“In order to better view the root growth, I developed and optimized a novel method for studying plant root systems in soil,” says first author Takehiko Ogura, a postdoctoral fellow in the Busch lab. “The roots of A. thaliana are incredibly small so they are not easily visible, but by slicing the plant in half we could better observe and measure the root distributions in the soil.”

The team found that one gene, called EXOCYST70A3, directly regulates root system architecture by controlling the auxin pathway without disrupting other pathways. EXOCYST70A3 does this by affecting the distribution of PIN4, a protein known to influence auxin transport. When the researchers altered the EXOCYST70A3 gene, they found that the orientation of the root system shifted and more roots grew deeper into the soil.

“Biological systems are incredibly complex, so it can be difficult to connect plants’ molecular mechanisms to an environmental response,” says Ogura. “By linking how this gene influences root behavior, we have revealed an important step in how plants adapt to changing environments through the auxin pathway.”

In addition to enabling the team to develop plants that can grow deeper root systems to ultimately store more carbon, this discovery could help scientists understand how plants address seasonal variance in rainfall and how to help plants adapt to changing climates.

“We hope to use this knowledge of the auxin pathway as a way to uncover more components that are related to these genes and their effect on root system architecture,” adds Busch. “This will help us create better, more adaptable crop plants, such as soybean and corn, that farmers can grow to produce more food for a growing world population.”

Other authors included Santosh B. Satbhai of Salk along with Christian Goeschl, Daniele Filiault, Madalina Mirea, Radka Slovak and Bonnie Wolhrab of the Gregor Mendel Institute in Austria.

About the Harnessing Plants Initiative:

Climate change poses an immediate threat to our future. Rising temperatures from excess carbon dioxide in the atmosphere has led to increasingly extreme and dangerous weather patterns that threaten animals and plants alike. The Salk Institute’s Harnessing Plants Initiative (HPI) is an innovative, scalable and bold approach to fight climate change by optimizing a plant’s natural ability to capture and store carbon and adapt to diverse climate conditions. This approach can help draw down and store more carbon and that—combined with other global efforts—will mitigate the disastrous effects of climate change while providing more food, fuel and fiber for a growing population.

Read the paper: Cell

Article source: Salk Institute

Image: Salk Institute

pollinators

Study: Global farming trends threaten food security

By | Agriculture, News

Citrus fruits, coffee and avocados: The food on our tables has become more diverse in recent decades. However, global agriculture does not reflect this trend. Monocultures are increasing worldwide, taking up more land than ever. At the same time, many of the crops being grown rely on pollination by insects and other animals. This puts food security at increased risk, as a team of researchers writes in the journal “Global Change Biology“. For the study, the scientists examined global developments in agriculture over the past 50 years.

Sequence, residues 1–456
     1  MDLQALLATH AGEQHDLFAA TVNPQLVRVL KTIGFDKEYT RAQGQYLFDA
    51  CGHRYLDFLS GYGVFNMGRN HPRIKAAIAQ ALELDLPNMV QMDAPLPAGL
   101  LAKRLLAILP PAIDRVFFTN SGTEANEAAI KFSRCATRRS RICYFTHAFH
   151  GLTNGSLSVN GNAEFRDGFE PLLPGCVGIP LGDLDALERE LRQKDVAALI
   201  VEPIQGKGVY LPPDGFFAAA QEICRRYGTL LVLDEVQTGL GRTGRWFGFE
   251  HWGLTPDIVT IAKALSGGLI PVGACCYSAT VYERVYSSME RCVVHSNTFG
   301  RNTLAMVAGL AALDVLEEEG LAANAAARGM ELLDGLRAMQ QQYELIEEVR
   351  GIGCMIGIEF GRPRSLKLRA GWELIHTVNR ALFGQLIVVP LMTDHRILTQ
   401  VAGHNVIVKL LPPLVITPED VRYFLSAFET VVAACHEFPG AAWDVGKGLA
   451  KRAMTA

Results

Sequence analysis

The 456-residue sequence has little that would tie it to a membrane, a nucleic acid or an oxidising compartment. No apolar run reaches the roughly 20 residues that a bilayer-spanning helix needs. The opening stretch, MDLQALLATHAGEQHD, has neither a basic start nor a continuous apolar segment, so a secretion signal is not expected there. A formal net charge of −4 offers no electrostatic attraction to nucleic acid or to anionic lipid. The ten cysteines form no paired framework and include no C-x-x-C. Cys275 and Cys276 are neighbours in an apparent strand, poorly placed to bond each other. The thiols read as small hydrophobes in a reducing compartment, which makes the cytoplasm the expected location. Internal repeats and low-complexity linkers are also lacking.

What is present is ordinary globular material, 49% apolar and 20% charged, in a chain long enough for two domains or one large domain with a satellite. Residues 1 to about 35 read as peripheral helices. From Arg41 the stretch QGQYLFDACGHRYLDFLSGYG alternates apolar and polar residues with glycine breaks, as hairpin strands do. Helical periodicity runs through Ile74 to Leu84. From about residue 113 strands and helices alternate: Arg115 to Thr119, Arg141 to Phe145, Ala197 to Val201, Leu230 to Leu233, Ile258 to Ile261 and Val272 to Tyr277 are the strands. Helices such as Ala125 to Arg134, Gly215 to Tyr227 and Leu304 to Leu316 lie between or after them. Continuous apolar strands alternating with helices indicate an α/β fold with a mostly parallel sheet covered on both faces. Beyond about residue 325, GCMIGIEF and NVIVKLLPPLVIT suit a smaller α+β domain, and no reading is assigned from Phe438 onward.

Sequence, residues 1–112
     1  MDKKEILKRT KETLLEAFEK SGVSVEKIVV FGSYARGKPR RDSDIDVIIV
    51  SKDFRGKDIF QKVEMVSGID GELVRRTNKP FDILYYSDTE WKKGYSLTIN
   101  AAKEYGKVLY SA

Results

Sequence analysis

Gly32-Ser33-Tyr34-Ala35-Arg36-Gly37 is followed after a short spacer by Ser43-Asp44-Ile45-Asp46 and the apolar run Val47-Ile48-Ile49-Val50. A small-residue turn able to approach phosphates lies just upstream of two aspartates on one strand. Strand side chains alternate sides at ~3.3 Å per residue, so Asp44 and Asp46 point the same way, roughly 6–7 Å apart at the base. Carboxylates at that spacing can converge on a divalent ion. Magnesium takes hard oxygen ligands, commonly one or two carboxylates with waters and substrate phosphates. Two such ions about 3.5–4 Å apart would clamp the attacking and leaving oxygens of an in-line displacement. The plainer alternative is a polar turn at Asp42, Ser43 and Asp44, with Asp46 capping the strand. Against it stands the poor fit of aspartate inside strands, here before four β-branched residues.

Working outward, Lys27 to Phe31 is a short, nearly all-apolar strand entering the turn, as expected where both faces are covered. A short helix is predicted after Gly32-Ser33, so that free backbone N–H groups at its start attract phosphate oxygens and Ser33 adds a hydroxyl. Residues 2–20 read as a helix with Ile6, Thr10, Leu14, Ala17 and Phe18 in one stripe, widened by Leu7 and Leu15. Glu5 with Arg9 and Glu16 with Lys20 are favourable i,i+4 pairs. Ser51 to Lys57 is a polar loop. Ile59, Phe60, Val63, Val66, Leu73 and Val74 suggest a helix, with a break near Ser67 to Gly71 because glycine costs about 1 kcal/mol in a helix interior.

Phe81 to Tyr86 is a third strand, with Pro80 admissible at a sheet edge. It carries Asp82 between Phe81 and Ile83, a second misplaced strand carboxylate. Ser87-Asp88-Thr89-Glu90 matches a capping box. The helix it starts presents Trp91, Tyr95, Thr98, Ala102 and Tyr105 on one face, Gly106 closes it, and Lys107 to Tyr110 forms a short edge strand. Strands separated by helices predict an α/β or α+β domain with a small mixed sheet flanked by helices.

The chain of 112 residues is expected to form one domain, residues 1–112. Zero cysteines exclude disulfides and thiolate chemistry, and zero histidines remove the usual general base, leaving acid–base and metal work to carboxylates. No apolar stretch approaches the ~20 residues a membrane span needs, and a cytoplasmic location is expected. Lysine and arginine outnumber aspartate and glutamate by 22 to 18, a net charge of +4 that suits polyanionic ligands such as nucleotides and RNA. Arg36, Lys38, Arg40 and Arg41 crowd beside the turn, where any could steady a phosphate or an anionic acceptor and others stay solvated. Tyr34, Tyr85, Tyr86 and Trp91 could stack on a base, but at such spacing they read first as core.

The researchers analysed data from the United Nations’ Food and Agriculture Organization (FAO) on the cultivation of field crops between 1961 and 2016. Their evaluation has shown that not only is more and more land being used for agriculture worldwide, the diversity of the crops being grown has declined. Meanwhile, 16 of the 20 fastest growing crops require pollination by insects or other animals. “Just a few months ago, the World Biodiversity Council IPBES revealed to the world that up to one million animal and plant species are being threatened with extinction, including many pollinators,” says Professor Robert Paxton, a biologist at MLU and one of the authors of the new study. This particularly affects bees: honeybees are increasingly under threat by pathogens and pesticides, and populations of wild bees have been on the decline around the world for decades.

Fewer pollinators could mean that yields are much lower or even that harvests fail completely. However, risks are not spread equally across the world. The researchers used the FAO data to create a map showing the geographical risk of crop failure. “Emerging and developing countries in South America, Africa and Asia are most affected,” says Professor Marcelo Aizen of the National Council for Scientific and Technological Research CONICET in Argentina, who led the study. This is not surprising, he says, since it is precisely in these regions where vast monocultures are grown for the global market. Soy is produced in many South American countries and then exported to Europe as cattle feed. “Soy production has risen by around 30 percent per decade globally. This is problematic because numerous natural and semi-natural habitats, including tropical and subtropical forests and meadows, have been destroyed for soy fields,” explains Aizen.

According to the authors, current developments have little to do with sustainable agriculture, which focuses on the food security of a growing world population. And, although poorer regions of the world are at the greatest risk, the consequences of crop failure would be felt worldwide: “The affected regions primarily produce crops for the rich industrial nations. If, for example, the avocado harvest in South America fails, people in Germany and other industrial nations may no longer be able to buy them,” concludes Robert Paxton, who is also a member of the German Centre for Integrative Biodiversity Research (iDiv) Halle-Jena-Leipzig.